By Bob Perciasepe
The writer is a senior adviser at the Center for Climate and Energy Solutions and former deputy administrator of the U.S. Environmental Protection Agency and former secretary of the Maryland Department of the Environment.
This month, the Maryland General Assembly is debating essential climate legislation in both the House and Senate to chart the state’s path toward net-zero emissions. During this process, it is vital that all clean, emissions-free energy be included and nuclear energy is not taken for granted.
The General Assembly should formally recognize the essential role nuclear energy and the continued operation of Maryland’s Calvert Cliffs Nuclear Power Plant play in meeting our greenhouse gas reduction targets in a timely and cost-effective manner.
The Senate’s Climate Solutions Act of 2022 would reduce GHG emissions by 60% of 2006 levels by 2030, increasing its current goal by 50%. And the House’s Comprehensive Climate Solutions Act would meet that same goal by 2032.
As currently drafted, both bills fail to acknowledge the vital role of nuclear in Maryland’s energy generation and assume the uninterrupted operation of Calvert Cliffs Nuclear Power Plant through the end of its existing federal license in 2034.
What if, however, this assumption is incorrect, and Maryland loses 15 million megawatt-hours of clean, carbon-free electricity annually — more than 80% of Maryland’s carbon-free clean energy — and 40% of the state’s energy overall? How would the absence of nuclear generation impact the cost and timeline for Maryland to meet its emissions reduction goals?
In a recent legislative workshop hosted by Nuclear Powers Maryland, the Brattle Group provided a preview of the results of an upcoming study expected to be released later this month. The preliminary results presented at the workshop showed that Maryland would see an emissions increase of about 4 million tons of carbon — the equivalent of driving 3 million vehicles for a full year – with the cost of this increased pollution to Marylanders exceeding $2 billion.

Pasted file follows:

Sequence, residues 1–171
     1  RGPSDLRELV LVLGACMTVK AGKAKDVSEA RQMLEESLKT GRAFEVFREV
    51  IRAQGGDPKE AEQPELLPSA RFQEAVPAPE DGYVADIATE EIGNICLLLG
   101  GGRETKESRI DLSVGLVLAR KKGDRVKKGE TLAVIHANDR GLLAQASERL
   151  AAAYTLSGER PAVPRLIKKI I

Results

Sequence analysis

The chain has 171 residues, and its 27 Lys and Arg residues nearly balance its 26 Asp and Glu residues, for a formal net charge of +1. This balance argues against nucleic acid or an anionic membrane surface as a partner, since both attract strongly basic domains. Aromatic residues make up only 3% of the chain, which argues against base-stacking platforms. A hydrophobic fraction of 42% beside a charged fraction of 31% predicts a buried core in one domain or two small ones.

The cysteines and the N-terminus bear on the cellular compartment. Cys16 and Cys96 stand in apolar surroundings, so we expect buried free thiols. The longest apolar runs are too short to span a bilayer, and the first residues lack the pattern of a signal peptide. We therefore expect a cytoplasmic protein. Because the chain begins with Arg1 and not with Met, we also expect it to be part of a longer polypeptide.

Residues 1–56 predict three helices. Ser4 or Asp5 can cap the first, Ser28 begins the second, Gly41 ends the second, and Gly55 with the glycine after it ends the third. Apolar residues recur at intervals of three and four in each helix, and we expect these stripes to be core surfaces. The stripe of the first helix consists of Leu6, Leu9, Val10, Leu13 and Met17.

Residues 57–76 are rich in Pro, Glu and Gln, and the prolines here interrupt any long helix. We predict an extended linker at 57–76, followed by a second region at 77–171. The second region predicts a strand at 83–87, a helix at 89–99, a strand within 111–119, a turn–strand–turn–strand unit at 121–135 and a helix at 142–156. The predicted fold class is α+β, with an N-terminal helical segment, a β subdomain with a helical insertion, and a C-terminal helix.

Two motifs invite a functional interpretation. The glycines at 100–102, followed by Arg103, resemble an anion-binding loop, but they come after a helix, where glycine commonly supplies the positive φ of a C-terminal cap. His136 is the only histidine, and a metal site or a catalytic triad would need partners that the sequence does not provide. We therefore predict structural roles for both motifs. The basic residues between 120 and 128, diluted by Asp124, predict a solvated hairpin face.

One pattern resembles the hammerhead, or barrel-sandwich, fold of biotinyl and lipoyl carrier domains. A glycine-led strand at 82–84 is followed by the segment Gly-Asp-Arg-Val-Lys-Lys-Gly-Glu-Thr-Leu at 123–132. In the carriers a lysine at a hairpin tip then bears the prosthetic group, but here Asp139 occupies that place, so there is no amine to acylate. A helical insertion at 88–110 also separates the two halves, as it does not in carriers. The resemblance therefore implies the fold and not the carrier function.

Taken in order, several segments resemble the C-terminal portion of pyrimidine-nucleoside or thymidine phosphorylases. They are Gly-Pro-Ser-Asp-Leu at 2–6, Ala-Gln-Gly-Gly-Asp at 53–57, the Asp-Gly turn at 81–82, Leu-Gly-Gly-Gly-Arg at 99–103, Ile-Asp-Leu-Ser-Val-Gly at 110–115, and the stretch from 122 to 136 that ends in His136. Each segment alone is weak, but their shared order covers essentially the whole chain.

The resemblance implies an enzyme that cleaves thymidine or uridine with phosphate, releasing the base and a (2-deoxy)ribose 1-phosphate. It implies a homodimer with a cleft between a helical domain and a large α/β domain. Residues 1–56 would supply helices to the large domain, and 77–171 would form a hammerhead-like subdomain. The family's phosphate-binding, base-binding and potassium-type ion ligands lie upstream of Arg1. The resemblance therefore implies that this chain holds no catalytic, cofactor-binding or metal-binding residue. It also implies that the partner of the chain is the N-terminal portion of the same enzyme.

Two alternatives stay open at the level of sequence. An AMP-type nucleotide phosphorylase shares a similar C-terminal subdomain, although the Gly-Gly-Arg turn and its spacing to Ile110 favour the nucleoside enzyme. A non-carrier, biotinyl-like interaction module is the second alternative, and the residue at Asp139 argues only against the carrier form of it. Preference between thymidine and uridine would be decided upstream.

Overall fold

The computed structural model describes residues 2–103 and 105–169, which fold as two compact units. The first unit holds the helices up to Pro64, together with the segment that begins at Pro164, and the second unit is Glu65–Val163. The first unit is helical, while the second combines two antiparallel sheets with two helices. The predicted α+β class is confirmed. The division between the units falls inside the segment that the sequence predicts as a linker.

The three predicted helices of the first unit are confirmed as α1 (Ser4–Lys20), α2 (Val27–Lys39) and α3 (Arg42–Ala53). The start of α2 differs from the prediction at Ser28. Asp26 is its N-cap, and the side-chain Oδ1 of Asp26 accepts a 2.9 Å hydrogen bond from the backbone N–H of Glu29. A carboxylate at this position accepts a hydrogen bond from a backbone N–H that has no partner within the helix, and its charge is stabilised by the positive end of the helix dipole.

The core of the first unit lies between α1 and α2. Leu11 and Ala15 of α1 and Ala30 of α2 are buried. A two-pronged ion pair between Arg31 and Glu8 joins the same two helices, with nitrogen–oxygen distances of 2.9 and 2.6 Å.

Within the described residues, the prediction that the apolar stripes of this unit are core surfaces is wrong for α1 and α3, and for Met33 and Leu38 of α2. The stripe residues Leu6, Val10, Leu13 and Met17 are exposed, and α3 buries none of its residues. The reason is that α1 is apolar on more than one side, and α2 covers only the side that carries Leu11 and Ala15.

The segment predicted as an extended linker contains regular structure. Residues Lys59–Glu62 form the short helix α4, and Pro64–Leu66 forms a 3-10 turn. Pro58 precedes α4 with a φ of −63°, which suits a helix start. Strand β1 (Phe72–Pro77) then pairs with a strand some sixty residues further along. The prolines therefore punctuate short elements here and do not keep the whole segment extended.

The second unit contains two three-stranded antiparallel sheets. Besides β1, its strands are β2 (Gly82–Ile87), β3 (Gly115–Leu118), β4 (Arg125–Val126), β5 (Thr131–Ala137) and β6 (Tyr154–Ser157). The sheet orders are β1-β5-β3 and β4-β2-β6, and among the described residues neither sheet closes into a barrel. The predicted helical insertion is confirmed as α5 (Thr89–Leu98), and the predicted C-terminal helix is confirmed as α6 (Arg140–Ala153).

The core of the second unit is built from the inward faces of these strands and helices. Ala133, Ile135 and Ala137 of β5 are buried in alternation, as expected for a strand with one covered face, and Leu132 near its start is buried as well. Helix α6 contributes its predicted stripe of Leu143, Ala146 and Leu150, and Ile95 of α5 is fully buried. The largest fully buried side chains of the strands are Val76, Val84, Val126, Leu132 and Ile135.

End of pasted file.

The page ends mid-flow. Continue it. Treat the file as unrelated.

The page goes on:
Additionally, the Brattle report found that clean electricity production from Maryland’s nuclear resource could not be replaced quickly. It would take an additional 4,600 MW of solar and wind electricity combined to replace Maryland’s clean energy output from nuclear — that’s the same as one-third of all the renewable energy currently in operation across 13 states and Washington, D.C., the territory that makes up our regional electric grid. A feat that could take decades to achieve.
Additionally, with current electrification trends (e.g., a shift to vehicle and building electrification), Marylanders could demand up to twice the amount of clean electricity they do today by 2050. Clearly, we need nuclear electricity to support greater future electricity demand and to complement the increased buildout of renewables. Because nuclear provides power 24/7, it helps balance out the intermittent nature of solar and wind.
In addition to cutting emissions, nuclear is also a vital part of Maryland’s economy. Maryland’s nuclear industry supports nearly 1,200 in-state, full-time jobs and nearly $15 million in state tax revenues annually.
There is nothing comprehensive about a climate plan that fails to acknowledge the largest source of carbon-free energy in the state. Sadly, some states have not supported their nuclear power plants and are now seeing emission increases as fossil electricity plants fill the gap; climate change is an urgent issue and cannot tolerate such emission backsliding.
The Brattle report and other studies demonstrate that the most cost-effective path to achieving GHG reductions includes renewables and nuclear electricity, particularly existing nuclear assets. The General Assembly should acknowledge the critical role that Calvert Cliffs currently plays in its environment, economy, health and greenhouse gas reduction goals; it should codify in legislation the role it can continue to play for decades as the state plans its transition to a net-zero economy.